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The deadly clashes on Manus Island last week flared after asylum seekers realised the Australian government was ''lying to them'' about plans to resettle them in Papua New Guinea, a migration agent who worked on the island has said.
Liz Thompson, who was helping asylum seekers lodge their refugee applications on Manus Island when the alleged riot broke out, told Fairfax Media that the asylum seekers launched their protests when a Papua New Guinean official went ''off script'' and acknowledged there were no plans in place for their resettlement.
Her claims came as Australia's top immigration bureaucrat told a Senate hearing that the post-mortem on the body of 23-year-old Reza Barati, who was killed in last Monday's clashes, still had not been carried out. Martin Bowles, secretary of the Immigration Department, also said he could not guarantee that local security contractors who had inflicted injuries on detainees had been stood down.
Ms Thompson accused the Immigration Department of deceiving the detainees and said the system - which she branded ''a farce'' - was designed to force them to give up and return to their home countries.
''We were taking them through a process that goes nowhere,'' she said. ''There is no visa for them to get. There's no legislation governing their resettlement.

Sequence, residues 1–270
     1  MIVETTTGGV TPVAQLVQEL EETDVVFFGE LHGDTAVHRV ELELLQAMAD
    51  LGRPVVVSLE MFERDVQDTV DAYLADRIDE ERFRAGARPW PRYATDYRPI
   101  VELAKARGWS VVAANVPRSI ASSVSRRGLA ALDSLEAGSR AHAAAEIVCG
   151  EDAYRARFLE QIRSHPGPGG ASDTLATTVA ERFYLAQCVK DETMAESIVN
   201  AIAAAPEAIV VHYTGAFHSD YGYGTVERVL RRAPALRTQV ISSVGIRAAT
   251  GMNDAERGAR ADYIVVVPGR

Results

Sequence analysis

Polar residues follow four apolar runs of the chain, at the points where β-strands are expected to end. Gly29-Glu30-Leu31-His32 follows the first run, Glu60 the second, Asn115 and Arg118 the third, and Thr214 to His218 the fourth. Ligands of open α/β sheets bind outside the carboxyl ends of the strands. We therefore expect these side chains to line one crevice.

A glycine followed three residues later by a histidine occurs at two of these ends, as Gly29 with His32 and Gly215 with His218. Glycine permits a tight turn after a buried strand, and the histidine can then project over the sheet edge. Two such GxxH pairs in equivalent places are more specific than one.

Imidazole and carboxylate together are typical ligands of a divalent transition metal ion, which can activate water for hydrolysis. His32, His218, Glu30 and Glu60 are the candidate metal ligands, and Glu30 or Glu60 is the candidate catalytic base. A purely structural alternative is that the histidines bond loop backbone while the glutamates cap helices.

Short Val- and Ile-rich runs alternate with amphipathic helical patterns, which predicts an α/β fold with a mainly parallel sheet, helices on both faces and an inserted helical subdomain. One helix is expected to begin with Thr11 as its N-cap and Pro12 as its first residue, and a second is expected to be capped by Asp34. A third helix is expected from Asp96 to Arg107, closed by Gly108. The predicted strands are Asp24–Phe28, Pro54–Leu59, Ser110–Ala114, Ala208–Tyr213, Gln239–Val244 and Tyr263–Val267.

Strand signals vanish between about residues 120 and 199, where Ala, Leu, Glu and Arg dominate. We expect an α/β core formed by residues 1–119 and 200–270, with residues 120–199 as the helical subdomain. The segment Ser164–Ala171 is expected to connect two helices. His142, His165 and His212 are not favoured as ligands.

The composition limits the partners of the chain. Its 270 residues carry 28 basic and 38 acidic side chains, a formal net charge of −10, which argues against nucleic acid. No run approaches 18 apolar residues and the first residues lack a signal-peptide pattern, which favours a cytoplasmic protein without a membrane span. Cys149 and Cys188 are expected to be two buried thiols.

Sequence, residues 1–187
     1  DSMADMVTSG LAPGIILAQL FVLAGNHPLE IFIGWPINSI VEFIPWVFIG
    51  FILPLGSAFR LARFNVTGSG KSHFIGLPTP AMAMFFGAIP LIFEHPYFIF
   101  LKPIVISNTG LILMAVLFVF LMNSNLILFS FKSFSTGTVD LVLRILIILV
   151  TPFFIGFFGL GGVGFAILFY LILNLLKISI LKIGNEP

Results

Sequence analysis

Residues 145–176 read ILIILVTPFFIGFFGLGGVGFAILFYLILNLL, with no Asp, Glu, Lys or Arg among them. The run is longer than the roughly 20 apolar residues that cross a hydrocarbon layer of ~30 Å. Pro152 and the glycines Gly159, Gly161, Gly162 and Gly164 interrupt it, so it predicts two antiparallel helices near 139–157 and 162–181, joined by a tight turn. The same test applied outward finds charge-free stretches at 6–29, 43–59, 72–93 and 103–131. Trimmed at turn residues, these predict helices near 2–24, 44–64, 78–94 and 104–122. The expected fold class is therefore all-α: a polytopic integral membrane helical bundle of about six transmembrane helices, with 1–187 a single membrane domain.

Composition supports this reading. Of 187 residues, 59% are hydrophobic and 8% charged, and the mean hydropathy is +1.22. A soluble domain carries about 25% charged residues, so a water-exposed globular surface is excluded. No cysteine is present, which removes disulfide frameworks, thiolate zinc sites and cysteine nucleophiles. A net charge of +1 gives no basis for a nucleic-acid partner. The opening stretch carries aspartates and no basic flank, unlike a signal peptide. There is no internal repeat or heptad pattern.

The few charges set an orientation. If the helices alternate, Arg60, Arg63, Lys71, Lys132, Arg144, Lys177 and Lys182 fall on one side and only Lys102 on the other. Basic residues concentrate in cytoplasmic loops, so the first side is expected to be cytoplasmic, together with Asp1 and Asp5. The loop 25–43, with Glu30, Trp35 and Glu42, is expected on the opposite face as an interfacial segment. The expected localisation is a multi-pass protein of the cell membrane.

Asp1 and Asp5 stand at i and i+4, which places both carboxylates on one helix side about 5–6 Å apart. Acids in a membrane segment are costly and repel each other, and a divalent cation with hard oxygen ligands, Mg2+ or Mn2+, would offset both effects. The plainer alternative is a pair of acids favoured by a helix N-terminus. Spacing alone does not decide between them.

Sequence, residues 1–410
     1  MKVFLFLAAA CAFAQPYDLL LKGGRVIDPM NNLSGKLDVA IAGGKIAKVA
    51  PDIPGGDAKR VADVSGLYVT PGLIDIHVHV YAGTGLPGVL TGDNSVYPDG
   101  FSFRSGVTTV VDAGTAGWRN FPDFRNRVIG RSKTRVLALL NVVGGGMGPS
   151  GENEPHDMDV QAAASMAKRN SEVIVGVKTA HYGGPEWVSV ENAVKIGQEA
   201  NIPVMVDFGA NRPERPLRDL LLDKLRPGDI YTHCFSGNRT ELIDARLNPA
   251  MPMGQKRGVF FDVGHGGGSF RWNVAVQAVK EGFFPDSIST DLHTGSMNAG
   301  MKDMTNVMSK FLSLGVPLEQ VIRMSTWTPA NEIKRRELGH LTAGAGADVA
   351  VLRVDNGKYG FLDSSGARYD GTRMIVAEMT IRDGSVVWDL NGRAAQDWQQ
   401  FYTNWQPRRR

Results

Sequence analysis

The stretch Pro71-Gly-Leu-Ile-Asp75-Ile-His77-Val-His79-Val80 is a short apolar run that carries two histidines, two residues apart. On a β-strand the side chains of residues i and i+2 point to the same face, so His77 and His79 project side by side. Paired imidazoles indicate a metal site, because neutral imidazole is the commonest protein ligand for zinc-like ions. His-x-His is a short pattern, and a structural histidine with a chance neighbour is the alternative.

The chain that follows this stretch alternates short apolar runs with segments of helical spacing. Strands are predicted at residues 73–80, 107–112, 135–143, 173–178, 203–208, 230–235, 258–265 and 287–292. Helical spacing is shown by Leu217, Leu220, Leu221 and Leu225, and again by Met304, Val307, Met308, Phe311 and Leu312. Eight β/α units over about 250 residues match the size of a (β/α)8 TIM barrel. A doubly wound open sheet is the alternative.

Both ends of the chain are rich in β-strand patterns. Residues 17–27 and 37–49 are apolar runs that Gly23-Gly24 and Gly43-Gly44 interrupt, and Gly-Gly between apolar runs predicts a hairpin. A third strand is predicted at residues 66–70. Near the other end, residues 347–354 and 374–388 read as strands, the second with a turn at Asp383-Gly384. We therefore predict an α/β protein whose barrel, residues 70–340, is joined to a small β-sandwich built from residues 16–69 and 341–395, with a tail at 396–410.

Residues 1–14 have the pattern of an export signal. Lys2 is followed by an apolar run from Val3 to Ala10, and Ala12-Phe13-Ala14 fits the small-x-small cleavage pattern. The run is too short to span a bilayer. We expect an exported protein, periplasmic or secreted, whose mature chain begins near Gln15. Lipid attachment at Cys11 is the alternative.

''Manus Island is an experiment in the ultimate logic of deterrence, designed to frustrate the hell out of people and terrify them so that they go home. Your two options are indefinitely detention or to return to the country where you fear persecution.''
She said asylum seekers had demanded answers from a senior PNG immigration official at a tense meeting on the Sunday afternoon before the Monday night violence. He had been ''honest with the guys about the fact that there is no process on PNG for their resettlement''.
Her claim is consistent with the account on the Sunday meeting given to Fairfax Media by whistleblower interpreter Azita Bokan and another employee at the centre.
Mr Morrison said asylum seekers said they had been told ''a third country option will not be offered and that neither the PNG nor Australian governments will be acting on behalf of the transferees in seeking alternative settlement countries to PNG''.
But insiders say there is no prospect of resettlement in PNG in the medium-term because PNG still had no legal framework to accommodate them, with no guarantees on work and other rights and no progress toward a pilot resettlement scheme.
Mr Bowles, meanwhile, told the hearing in Canberra on Tuesday that Reza Barati's body had been flown to Port Moresby but indicated it had not yet been examined.
''As of today, my understanding is still that the deceased has been moved to Port Moresby in anticipation of an autopsy,'' he said.
Both the PNG and Australian governments have said that a PNG police investigation is under way into Mr Barati's death.
Mr Bowles also revealed gas canisters were fired in the incident.
■ Australia has returned its seventh boatload of asylum seekers to Indonesia, deploying another lifeboat, on which 26 people arrived on Java on Monday afternoon.
The story Riot flared as Manus Island refugees realised 'lies were told' first appeared on The Sydney Morning Herald.